While U.S. firms are well established here, and Asian companies are increasingly taking their first steps in Israel, European firms, who are closer to the Israeli ecosystem, continue to engage with Israeli tech in higher numbers.
In 2017, AXA launched an insurance technology competition with a $1M investment prize. “We expected to be impressed, but we were more impressed than what we thought we’d be. What struck us was the variety, the intensity, and how diverse this ecosystem is,” says Michael Niddam, Executive Partner of Kamet, an insurance tech innovation hub funded by the AXA Group, which set up shop in Tel Aviv after the SNC-AXA engagement. Kamet has already invested in one Israeli start-up resident in its studio, and expects to make other investments.
Following an SNC introduction, Belgium’s ING Bank started working with in-app payments technology provider PayKey, an Israeli start-up that allows financial transactions inside messaging services. LEO Pharma, a Danish pharmaceutical multinational that focuses on skin care – with a presence in 100 countries and total assets of $5B – opened a LEO Innovation Lab in Israel, and relocated one of its executives to Tel Aviv.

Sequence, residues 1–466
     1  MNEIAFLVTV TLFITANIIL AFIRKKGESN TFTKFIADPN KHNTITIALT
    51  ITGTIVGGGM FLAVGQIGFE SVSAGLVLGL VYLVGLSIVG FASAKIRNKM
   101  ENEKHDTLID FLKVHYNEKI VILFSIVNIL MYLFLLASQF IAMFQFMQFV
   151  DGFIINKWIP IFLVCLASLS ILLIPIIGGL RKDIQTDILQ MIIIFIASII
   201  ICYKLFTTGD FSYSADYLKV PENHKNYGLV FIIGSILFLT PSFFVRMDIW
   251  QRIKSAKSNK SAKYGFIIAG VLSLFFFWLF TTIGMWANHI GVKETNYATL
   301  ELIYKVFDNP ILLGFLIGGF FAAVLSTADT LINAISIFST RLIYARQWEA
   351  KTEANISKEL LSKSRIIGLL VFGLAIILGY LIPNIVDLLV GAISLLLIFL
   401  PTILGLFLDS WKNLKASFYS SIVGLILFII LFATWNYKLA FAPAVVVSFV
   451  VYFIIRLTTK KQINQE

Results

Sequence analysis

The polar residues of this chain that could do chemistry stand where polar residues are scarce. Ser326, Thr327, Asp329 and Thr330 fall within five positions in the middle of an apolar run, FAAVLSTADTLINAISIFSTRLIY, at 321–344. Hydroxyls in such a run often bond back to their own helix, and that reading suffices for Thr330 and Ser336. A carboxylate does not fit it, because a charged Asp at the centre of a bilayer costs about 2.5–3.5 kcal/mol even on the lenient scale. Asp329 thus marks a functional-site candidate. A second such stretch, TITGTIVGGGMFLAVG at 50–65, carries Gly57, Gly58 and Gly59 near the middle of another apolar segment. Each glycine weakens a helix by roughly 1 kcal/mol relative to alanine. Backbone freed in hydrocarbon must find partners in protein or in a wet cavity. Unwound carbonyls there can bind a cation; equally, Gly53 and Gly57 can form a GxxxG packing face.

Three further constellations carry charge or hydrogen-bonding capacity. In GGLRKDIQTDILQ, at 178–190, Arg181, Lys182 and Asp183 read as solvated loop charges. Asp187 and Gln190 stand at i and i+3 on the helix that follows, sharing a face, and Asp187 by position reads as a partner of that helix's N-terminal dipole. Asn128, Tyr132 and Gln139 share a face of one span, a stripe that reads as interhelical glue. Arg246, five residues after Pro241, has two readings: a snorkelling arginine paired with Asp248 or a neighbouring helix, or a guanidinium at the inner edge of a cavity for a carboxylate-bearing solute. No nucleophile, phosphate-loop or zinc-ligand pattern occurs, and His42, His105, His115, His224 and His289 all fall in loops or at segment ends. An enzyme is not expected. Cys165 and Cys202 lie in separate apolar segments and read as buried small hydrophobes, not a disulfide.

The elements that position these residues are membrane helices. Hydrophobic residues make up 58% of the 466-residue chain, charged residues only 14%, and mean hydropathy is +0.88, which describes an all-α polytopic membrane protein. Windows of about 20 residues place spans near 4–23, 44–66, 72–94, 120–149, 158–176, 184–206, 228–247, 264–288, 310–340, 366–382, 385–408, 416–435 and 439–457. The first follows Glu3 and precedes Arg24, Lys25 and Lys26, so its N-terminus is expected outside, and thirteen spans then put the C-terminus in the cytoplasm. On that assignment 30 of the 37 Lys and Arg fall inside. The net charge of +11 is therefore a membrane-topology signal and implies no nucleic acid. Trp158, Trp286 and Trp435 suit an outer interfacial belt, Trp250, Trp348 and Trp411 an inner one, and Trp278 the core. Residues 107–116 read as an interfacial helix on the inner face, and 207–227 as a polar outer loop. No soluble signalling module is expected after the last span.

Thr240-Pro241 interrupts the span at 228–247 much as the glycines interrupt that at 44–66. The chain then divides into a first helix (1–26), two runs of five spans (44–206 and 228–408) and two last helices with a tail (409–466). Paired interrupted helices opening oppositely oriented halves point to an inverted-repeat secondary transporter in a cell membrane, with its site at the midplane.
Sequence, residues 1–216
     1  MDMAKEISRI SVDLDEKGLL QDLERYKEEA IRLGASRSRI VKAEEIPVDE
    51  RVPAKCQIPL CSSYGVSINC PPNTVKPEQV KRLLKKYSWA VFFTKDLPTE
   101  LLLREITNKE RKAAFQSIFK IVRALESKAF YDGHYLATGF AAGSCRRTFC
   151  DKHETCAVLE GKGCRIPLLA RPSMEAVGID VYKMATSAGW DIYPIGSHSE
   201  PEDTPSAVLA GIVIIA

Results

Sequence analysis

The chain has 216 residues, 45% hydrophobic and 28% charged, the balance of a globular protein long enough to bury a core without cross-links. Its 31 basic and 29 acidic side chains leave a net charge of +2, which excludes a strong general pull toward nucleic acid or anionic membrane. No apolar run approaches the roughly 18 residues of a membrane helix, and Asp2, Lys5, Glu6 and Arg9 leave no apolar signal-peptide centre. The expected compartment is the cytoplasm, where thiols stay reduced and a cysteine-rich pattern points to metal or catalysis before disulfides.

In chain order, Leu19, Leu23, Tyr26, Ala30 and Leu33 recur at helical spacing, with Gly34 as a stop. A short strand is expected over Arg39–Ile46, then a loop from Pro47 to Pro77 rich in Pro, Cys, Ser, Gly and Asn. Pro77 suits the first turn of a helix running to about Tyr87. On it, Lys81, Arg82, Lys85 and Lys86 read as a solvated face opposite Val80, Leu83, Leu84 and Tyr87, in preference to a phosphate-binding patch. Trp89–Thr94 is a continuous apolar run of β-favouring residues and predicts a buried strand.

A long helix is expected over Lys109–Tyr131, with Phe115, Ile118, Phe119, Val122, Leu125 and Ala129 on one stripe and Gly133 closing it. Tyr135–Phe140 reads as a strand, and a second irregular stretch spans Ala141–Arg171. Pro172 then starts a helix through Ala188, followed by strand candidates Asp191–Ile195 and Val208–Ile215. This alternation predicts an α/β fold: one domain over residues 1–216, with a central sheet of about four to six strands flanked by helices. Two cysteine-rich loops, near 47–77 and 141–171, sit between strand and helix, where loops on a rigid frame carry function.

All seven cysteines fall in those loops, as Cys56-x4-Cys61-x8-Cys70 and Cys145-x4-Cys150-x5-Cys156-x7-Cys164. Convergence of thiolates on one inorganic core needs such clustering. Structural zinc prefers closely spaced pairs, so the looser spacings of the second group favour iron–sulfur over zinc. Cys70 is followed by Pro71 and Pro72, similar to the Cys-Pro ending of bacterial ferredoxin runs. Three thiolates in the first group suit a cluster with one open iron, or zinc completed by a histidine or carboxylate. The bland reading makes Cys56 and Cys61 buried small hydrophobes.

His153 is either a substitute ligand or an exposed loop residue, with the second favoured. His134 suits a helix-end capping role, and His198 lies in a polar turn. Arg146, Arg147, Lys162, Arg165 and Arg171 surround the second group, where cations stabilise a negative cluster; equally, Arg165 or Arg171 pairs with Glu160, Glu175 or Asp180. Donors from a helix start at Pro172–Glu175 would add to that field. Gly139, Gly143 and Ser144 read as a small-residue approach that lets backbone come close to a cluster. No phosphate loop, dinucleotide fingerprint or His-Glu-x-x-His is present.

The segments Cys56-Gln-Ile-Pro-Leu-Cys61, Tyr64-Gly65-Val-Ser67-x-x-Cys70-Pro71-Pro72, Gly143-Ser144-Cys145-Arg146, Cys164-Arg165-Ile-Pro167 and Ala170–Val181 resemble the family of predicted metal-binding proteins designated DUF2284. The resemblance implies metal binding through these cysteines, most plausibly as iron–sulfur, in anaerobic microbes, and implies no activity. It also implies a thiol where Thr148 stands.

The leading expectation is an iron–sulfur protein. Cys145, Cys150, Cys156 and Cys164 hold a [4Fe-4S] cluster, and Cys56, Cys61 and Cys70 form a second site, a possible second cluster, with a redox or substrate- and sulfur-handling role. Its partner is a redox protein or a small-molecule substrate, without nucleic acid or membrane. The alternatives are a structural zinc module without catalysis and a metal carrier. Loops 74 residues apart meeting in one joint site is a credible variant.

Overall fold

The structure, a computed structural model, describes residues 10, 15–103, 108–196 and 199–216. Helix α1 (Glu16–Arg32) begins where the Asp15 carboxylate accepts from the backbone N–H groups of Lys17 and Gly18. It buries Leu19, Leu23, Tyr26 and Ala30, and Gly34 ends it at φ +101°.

It’s not just commercial corporations where SNC is active; it’s also engaged with NGOs globally, from Africa to New Zealand, to bring Israeli innovation to wherever it’s needed in the world. Together with AGRA – The Alliance for a Green Revolution in Africa – SNC is bringing top Israeli agritech start-ups to help millions of smallholder African farmers across 11 countries become sustainable businesses. The government of Togo is rolling out an innovative pest control solution after being introduced to Israeli agritech start-up BioFeed.
New Zealand’s Fonterra Co-operative Group, the world’s largest farming cooperative and the world’s largest processor of dairy products, has made several trips to Israel to meet with Agritech start-ups, with specific interest in pasture management and irrigation tech. The Milwaukee Water Council has earmarked funds for Israeli water tech start-ups that can help Wisconsin with its endemic water problems. SNC is working with the Association of Healthcare Providers India (AHPI) to bring cutting-edge Israeli digital health start-ups to tackle some of India’s most pressing challenges.
A new hub for Israeli innovation
Start-Up Nation Central doesn’t take a cut of any deals that follow from its work. The tech non-profit is funded mainly by hedge fund titan and philanthropist Paul Singer.